Like Annie Payson Call, journalists still cover the story in depth, coming up with some striking images. For instance, Amy Saltzman uses the "empty front porch" as a metaphor to represents the loss of family and community time to work. Witold Rybczynski sounded another nostalgic note, wondering what ever happened to the weekend—now people all seem to be waiting for the weekend that never comes.
Things appear to have gotten even worse since the early twentieth century; at least then people seemed to have had time for front porches and weekends. Up-to-date twists have been added to the story. Reporters describe how new kinds of electronic communication extend the "long arm of the job" so that few places remain safe from work. They imagine more of us living "above the store," on permanent call by cell phone and e-mail, even on "vacations" that are getting shorter because of the press of work.
Just as the state and national labor bureaus did at the turn of the twentieth century, academics are now trying to gauge the extent of the distress, falling to quibbling in the process. Harvard economist Juliet Schor argued in 1992 in her popular book, The Overworked American, that as a result of a combination of factors—the increase in the percentage of the population working (primarily women), increases in the number of hours worked each week, and reductions in paid time off—the average Joe or Jill works about a month more now than in the mid-1970s. Her findings seem to support the series of Harris polls that showed the average American working 20 percent more in the early 1990s than in 1973 (up from 40.6 hours to 48.8 hours) and having 32 percent less free time per week (down from 17.7 hours per week to 8.5). In addition to more women working, Harris explained that increasing numbers of retired people are returning to work (see also Hunnicutt).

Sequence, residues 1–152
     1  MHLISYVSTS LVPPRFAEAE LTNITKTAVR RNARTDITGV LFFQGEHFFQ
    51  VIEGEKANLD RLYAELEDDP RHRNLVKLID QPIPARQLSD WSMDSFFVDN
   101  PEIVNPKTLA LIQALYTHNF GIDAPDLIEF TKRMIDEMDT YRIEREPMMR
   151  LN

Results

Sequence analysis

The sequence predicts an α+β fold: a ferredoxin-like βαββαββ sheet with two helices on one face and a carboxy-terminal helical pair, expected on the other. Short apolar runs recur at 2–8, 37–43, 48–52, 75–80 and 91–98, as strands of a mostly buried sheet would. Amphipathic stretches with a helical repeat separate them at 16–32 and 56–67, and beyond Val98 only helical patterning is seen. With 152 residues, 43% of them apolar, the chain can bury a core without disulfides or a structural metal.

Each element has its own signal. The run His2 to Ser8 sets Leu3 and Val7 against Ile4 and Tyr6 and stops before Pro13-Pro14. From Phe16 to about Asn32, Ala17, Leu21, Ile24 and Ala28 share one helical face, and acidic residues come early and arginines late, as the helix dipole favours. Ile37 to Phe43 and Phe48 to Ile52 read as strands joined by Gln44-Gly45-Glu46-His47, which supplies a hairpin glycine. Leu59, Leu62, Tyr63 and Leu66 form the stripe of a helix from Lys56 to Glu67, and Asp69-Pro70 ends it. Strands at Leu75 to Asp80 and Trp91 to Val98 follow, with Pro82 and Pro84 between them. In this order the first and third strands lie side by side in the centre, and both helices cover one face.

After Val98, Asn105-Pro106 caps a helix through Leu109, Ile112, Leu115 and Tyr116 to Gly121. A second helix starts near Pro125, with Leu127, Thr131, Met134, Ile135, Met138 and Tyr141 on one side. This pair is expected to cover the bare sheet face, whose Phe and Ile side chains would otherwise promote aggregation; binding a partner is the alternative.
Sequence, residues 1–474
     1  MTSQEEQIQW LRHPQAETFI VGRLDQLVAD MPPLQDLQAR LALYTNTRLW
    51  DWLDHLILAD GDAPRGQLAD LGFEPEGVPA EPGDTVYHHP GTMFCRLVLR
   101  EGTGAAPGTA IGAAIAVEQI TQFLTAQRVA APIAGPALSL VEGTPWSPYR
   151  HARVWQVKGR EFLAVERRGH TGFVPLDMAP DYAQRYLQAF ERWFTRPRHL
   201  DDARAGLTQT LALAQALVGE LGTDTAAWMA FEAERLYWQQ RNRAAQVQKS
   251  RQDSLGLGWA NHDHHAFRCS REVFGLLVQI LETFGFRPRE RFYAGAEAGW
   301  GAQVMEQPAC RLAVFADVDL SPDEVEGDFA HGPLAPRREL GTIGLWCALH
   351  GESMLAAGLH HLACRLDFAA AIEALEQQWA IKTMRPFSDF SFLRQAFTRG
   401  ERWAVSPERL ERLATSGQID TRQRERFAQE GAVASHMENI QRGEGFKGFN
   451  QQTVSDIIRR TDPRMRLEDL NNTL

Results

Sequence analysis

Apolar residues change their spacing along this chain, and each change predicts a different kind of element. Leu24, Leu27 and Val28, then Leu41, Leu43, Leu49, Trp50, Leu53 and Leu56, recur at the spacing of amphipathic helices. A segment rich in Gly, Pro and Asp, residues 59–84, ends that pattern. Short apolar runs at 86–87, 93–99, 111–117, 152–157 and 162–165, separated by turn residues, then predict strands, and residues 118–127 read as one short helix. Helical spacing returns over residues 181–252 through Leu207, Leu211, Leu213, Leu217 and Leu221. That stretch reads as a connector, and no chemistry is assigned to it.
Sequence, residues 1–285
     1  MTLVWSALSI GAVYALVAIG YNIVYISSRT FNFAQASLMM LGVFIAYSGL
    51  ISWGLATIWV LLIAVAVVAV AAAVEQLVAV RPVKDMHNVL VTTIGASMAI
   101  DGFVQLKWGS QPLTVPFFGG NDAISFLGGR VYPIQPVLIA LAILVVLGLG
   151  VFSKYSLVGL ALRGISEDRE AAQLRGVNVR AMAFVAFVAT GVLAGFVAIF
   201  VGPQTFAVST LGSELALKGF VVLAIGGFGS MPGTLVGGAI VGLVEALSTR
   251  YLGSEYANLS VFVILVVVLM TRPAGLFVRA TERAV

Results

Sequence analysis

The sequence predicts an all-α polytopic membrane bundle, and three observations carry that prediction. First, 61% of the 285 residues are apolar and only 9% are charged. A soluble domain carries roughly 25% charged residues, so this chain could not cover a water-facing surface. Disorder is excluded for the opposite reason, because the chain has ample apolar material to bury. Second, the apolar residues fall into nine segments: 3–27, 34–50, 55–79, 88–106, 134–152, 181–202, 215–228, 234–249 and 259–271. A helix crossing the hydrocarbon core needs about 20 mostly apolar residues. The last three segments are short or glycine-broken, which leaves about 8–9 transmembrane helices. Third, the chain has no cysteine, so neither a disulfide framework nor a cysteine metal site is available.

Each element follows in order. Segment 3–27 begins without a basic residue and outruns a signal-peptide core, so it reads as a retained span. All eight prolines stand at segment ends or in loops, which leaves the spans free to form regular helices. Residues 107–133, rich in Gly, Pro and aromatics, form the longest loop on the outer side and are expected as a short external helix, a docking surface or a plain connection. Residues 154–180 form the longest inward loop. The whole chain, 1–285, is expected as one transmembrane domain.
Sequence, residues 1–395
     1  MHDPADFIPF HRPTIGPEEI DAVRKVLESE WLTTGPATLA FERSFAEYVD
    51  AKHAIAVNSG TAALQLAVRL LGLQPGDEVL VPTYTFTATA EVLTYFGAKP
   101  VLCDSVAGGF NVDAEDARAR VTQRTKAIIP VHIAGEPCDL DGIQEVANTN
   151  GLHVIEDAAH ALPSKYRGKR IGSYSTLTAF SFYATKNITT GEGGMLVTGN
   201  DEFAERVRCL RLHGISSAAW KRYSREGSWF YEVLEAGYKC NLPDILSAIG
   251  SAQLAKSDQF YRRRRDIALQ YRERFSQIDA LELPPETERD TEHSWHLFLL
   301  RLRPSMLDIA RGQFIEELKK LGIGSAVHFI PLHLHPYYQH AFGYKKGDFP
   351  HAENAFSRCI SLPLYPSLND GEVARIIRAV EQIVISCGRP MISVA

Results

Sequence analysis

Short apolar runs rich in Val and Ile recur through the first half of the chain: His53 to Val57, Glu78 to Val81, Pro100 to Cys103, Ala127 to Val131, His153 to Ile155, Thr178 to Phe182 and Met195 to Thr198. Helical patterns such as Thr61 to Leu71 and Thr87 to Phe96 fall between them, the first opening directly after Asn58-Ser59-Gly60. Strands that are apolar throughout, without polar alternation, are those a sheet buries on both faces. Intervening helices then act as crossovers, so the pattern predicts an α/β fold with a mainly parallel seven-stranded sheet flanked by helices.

The President's Council of Economic Advisors' 1999 report "Families and the Labor Market, 1969–1999: Analyzing the 'Time Crunch'" bolstered these claims, showing that American parents had twenty-two fewer hours per week to spend at home compared with the average in 1969. The President's Council accounted for most of the decrease by the entrance of women into the labor force. Still the council concluded that all who worked for pay were increasing their average hours, and that U.S. workers spent more time on the job than workers in any other developed country.